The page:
Book: The Raven Boys by Maggie Stiefvater|Narrated by Will Patton
Published September 2012|Published by Scholastic Audio|Run time: 11 hours, 4 minutes|Audiobook via the library
Part of a series? Yes, Raven Cycle #1
Goodreads.com Summary: Legend holds that Glendower, a vanished Welsh king, sleeps beneath the hills until he’s needed. The first person to find him will be granted a wish – either by seeing him open his eyes, or by cutting out his heart.
Gansey has it all – family money, a car, time for extracurriculars and friends – but he’s always loved the tales of sleeping kings. He thinks he’s found one too, or at least the area where one might be: in the town of Henrietta, VA. And the best way to be there is to attend prestigious Aglionby Academy for Boys.
Blue is the daughter of the town psychic in Henrietta, Virginia, but is too practical to believe in things like spirits or true love. Her policy is to stay away from Aglionby boys…but it may be that one in particular can change her mind about magic, and maybe even love.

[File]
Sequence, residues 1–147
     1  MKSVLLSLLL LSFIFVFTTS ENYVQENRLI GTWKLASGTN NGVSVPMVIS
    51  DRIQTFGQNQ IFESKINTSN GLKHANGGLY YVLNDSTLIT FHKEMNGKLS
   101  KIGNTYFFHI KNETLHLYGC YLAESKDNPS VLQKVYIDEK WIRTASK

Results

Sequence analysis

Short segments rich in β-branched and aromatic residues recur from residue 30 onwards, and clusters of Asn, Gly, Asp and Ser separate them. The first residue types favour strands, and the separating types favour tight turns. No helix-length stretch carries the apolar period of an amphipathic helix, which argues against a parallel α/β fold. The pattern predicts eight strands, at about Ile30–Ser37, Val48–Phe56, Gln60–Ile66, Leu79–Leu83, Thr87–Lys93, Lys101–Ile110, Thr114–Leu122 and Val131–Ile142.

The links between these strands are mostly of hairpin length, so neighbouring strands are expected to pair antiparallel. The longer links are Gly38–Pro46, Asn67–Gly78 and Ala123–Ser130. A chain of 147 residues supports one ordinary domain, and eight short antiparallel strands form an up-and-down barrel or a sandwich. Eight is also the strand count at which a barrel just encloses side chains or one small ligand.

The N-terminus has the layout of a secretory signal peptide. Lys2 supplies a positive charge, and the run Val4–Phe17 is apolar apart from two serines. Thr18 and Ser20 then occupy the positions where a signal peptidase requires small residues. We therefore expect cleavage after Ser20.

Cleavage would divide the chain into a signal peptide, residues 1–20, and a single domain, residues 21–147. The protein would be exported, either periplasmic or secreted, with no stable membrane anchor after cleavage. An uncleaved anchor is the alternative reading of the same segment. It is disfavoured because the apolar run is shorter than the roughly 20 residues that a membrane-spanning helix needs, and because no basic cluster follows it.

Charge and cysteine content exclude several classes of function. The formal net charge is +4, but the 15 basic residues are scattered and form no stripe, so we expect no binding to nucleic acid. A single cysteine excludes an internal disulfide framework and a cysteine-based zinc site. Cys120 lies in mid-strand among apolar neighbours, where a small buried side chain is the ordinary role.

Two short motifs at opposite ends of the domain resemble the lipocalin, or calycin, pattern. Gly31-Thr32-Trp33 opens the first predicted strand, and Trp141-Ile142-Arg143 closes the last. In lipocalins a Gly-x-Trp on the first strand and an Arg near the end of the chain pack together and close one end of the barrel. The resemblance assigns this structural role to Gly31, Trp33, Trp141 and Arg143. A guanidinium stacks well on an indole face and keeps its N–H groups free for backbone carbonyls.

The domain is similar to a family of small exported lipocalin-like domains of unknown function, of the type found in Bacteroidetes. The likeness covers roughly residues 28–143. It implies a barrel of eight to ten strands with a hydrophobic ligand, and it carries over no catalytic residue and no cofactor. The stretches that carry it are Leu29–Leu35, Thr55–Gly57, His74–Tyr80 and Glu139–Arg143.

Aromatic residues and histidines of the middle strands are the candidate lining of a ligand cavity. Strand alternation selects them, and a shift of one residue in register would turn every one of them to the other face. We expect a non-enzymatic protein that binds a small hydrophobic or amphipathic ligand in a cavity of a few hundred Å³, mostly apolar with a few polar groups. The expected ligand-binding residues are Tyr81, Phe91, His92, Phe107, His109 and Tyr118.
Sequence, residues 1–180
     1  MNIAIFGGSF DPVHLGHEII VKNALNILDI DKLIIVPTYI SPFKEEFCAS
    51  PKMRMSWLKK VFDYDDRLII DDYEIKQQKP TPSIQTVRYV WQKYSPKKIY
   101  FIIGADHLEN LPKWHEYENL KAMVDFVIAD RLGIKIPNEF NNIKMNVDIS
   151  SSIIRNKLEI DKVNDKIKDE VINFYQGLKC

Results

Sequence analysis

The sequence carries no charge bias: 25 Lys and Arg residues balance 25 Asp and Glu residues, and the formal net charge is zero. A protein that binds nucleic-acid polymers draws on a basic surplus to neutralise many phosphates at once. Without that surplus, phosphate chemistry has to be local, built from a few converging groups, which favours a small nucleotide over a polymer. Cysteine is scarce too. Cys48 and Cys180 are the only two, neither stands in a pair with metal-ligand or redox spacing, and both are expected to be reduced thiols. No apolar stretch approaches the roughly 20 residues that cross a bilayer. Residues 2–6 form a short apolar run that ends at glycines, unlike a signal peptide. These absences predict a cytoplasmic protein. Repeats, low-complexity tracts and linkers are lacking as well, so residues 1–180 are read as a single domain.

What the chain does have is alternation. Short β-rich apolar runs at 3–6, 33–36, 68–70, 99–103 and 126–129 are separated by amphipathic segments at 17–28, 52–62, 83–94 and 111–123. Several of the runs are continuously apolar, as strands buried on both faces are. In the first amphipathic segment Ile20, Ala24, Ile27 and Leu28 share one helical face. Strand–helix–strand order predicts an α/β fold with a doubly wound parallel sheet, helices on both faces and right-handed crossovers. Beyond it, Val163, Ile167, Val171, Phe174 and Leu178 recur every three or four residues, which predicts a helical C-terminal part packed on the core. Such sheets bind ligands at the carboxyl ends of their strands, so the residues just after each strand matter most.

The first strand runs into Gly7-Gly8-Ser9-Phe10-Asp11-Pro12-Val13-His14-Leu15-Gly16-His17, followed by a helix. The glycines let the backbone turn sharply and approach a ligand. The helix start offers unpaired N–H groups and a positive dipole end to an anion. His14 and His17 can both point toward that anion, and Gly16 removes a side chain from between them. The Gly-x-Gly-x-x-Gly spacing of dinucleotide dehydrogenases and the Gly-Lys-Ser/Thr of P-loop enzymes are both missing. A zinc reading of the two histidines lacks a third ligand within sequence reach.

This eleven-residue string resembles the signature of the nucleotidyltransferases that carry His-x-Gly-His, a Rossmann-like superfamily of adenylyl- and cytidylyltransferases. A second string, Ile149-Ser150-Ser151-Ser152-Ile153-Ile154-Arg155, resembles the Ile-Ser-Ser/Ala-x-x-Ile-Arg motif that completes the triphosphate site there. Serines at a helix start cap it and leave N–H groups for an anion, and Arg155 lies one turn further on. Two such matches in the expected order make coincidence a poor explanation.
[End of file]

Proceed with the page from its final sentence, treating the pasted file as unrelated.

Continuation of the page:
I’m really not sure what to say about The Raven Boys. I started out liking it, but by the end, I found myself getting bored. I will admit that getting a wish by way of a sleeping Welsh king is intriguing, and I loved the idea of ley lines and magic and psychics. But there was just too much going on for me to properly stay interested. There were a lot of characters, who are all unique, and I loved that they were unique. But many of them had their own storylines, and it felt like a lot of them narrated parts of the novel, so keeping track of everything I was listening to get a bit tiresome. Plus, whenever I’d get interested in something, I’d lost that same interest minutes later.
Virginia seemed like a strange setting- and it took me half the book to realize that it was even set in Virginia. With all the talk of ley lines, magic and psychics, it really seemed like it was set in, like, Scotland or England. It just, whenever I hear ley lines, I think of the Southwest or the U.K., maybe even Central America, but not Virginia.
As for the narration, Will Patton was a great choice. He did a great job narrating, and he really got it right.
I think the major reason why The Raven Boys didn’t work for me was because I listened to it. There was enough going on that I had trouble keeping up with it, so it’s quite possible that I might have liked it better had I held the book in my own two hands.
Final Thoughts And Rating:
I kind of get why people like Maggie Stiefvater, but The Raven Boys had too much going on, and I felt like Stiefvater introduced too many characters and had more plot points than was really necessary. It really didn’t work as an audiobook, even though Patton did a wonderful job narrating. Nothing really seems to be explained but a lot is introduced. It gets 2 stars.